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News Items – March 6, 2019

[Audio] Elevating Awareness of PA Social Workers
Public News Service
March is National Professional Social Work Month, when social workers around the country raise awareness of the important roles they fill. With masters’ degrees and thousands of hours of supervised training, licensed clinical social workers are the number-one providers of mental health services in Pennsylvania. Nationally, there’s a shortage of social workers. And according to Dr. Angelo McClain, CEO of the National Association of Social Workers, their average salaries are much lower than similarly licensed professions. “Social-work salaries lag behind professions like nursing and teaching,” McClain said. “Social workers have the same obligations in terms of student loans, needs to take care of their family, so salaries should really reflect the value that social workers bring.”

Bill Lamb is a member:
With little budget leeway, advocates bring growing needs of older NC residents to NCGA
North Carolina Health News
The 65-plus population in North Carolina will keep growing like daffodils after a wet spring, no matter what the General Assembly chooses to do. That’s the message about ongoing demographic shifts that advocates for older people took to the legislature as work on the biennial budget begins in earnest. By 2037, North Carolinians over 65 will outnumber those 17 and younger, Bill Lamb of Friends of Residents in Long-Term Care told Hudson McCormick, the legislative aide to Rep. Julie von Haefen (D-Apex), in her office.

Okpara Rice is a member:
Iowa Poll: 77 percent support universal mental health screening for kids
Des Moines Register
More than three-quarters of Iowans support a proposal to routinely screen children for mental health issues, a new Des Moines Register/Mediacom Iowa Poll shows. Seventy-seven percent of Iowa adults favor a universal mental health screening program for children, with a provision allowing parents to opt their kids out of it. Just 15 percent oppose the proposal, and 8 percent are unsure.… Okpara Rice, a mental health professional from Cedar Rapids who was not among those polled, was thrilled to learn that so many Iowans support the screening idea. “That shows we are doing a good job of reducing stigma around mental health for children,” he said. “People are saying, ‘This is OK. I want to get my kids checked.’”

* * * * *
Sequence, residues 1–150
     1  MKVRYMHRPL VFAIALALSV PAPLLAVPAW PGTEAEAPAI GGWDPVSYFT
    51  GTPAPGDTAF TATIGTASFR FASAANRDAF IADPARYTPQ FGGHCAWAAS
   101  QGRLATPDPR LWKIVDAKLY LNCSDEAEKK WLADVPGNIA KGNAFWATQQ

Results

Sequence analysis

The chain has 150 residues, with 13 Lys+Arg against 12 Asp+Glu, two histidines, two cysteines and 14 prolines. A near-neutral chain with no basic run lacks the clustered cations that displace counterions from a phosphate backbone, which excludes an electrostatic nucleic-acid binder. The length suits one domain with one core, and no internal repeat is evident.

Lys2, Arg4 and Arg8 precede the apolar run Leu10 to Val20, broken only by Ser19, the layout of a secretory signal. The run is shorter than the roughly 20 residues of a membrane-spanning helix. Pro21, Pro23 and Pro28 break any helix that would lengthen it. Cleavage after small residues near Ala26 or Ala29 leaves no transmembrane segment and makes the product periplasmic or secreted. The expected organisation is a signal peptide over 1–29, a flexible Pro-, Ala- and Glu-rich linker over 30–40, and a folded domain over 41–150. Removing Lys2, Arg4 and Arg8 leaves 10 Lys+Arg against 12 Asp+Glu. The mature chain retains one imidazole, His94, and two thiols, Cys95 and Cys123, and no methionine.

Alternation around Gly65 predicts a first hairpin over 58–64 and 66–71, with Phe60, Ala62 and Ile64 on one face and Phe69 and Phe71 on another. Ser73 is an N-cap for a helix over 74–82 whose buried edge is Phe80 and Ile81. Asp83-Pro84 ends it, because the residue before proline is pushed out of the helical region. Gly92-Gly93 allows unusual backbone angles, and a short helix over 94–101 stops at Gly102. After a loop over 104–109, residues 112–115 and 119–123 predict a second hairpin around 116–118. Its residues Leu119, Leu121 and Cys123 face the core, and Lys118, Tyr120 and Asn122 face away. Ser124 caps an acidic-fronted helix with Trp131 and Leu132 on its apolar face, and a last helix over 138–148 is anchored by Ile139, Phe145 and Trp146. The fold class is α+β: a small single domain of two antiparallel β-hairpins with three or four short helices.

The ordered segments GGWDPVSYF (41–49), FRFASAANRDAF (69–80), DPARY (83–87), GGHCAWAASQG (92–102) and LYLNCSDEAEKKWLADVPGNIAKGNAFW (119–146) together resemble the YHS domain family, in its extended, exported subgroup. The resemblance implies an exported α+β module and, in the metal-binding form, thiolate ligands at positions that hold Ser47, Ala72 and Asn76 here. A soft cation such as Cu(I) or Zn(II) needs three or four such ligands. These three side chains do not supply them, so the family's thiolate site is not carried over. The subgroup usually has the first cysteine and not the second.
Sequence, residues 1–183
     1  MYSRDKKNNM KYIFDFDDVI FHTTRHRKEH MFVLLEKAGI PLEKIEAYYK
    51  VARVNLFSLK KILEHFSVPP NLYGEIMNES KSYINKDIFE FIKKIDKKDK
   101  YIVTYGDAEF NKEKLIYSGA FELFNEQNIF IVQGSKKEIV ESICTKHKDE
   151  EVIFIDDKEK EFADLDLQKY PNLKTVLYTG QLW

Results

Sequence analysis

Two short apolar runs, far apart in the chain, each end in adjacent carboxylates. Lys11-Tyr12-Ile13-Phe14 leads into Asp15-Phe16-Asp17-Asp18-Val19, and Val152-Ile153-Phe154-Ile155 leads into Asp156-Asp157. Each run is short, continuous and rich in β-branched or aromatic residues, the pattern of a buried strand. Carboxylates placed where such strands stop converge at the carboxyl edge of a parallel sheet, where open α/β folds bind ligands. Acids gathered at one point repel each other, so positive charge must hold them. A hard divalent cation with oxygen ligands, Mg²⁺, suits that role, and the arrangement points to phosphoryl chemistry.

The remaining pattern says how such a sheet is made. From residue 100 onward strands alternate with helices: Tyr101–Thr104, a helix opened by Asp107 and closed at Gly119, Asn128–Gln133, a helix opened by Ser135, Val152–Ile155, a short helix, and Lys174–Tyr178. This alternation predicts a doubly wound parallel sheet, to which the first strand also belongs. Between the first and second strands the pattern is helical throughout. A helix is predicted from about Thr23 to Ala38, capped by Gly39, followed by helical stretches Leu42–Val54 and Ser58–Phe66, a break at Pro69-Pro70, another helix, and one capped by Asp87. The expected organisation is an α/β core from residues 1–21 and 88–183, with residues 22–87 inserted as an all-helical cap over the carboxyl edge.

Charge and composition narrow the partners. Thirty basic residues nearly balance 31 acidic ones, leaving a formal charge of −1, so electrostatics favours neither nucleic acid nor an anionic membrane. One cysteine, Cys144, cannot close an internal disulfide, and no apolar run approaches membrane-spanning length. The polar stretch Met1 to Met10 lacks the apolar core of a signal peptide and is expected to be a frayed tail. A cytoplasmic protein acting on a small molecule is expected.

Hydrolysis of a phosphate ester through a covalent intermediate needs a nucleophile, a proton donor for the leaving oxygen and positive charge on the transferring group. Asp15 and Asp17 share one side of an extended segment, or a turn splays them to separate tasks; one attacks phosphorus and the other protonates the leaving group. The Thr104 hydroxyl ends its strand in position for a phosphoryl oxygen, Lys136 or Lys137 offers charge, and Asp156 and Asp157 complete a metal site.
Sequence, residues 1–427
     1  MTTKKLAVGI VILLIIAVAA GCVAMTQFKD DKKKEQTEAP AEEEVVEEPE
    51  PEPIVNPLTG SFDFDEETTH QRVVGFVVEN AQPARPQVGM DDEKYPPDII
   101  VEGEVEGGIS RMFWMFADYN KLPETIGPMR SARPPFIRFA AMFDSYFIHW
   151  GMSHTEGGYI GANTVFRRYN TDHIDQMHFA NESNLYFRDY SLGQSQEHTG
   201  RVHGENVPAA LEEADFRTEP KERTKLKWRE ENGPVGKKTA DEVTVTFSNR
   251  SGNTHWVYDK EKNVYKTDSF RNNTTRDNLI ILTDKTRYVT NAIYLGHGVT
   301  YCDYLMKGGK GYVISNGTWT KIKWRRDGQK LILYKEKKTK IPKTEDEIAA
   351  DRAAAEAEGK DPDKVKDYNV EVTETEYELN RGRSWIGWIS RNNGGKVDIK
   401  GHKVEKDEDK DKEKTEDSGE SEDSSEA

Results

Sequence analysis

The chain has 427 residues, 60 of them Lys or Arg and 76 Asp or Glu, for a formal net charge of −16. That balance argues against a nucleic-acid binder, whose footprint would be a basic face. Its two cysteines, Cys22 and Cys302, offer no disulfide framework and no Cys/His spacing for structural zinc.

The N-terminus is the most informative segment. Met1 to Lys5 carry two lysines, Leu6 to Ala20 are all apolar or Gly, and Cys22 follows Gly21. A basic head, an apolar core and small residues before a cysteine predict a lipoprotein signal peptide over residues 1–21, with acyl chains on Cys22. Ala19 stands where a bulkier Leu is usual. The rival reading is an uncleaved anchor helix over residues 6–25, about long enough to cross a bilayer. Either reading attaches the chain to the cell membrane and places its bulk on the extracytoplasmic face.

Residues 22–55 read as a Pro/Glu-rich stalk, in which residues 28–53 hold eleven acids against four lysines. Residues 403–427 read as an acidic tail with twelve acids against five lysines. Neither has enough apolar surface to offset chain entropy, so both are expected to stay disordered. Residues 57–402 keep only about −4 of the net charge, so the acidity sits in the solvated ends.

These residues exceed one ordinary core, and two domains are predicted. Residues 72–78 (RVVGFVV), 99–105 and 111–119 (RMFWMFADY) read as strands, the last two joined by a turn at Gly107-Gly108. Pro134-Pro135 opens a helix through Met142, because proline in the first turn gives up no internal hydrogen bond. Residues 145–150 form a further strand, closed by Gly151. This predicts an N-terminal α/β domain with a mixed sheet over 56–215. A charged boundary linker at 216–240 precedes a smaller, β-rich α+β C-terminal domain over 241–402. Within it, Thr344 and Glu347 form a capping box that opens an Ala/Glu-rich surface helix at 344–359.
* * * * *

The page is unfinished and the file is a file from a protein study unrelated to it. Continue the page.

Donald McDonald is a member:
Summit offers look at road to opioid recovery
The Sampson Independent
Donald McDonald, a North Carolina recovery activist, has been clean and sober for 14 years. A strong believer in peer recovery, McDonald now travels across the state helping “smash the obstacles of substance use disorder.” “One day, I found myself sitting in detox with a death wish,” McDonald shared. “Today, I am standing here as a recovery activist. I now have purpose in life and I am happy to be alive.”

Joe Deegan is a member:
Thomas Health awarded $1 million in funding to help addiction recovery
MetroNews
Thomas Health and Saint Francis Hospital are continuing to grow according to Joe Deegan, and now the expansion will be coming along even more rapidly. Deegan, the Business Development Liaison for the Addiction Healing Center at Saint Francis Hospital, was excited to find out that Thomas Health was awarded $1 million by the West Virginia Department of Health and Human Resources(DHHR) to expand substance use disorder (SUD) residential treatment and recovery services in Clay, Fayette, Kanawha, Nicholas, and Roane counties.

Emily Rosen is a member:
What It’s Like to Be Transgender and Face Dysphoria and Body Dysmorphia at the Same Time
Allure Magazine
Body weight can change, and I feared that the dissonance between how I saw myself and how I actually appeared would never go away, even if the body weight did. I recognize this now as body dysmorphic disorder (BDD). “The main component of BDD in a person is the primary feeling they are not who they are, having displeasure, and being unable to accept oneself physically,” says Emily S. Rosen, a licensed clinical social worker in New York City, trained in modern psychoanalysis and Gestalt psychotherapy. “Sometimes people see themselves differently than they are; like you see something in yourself that might not be there, but it feels like it’s there.”

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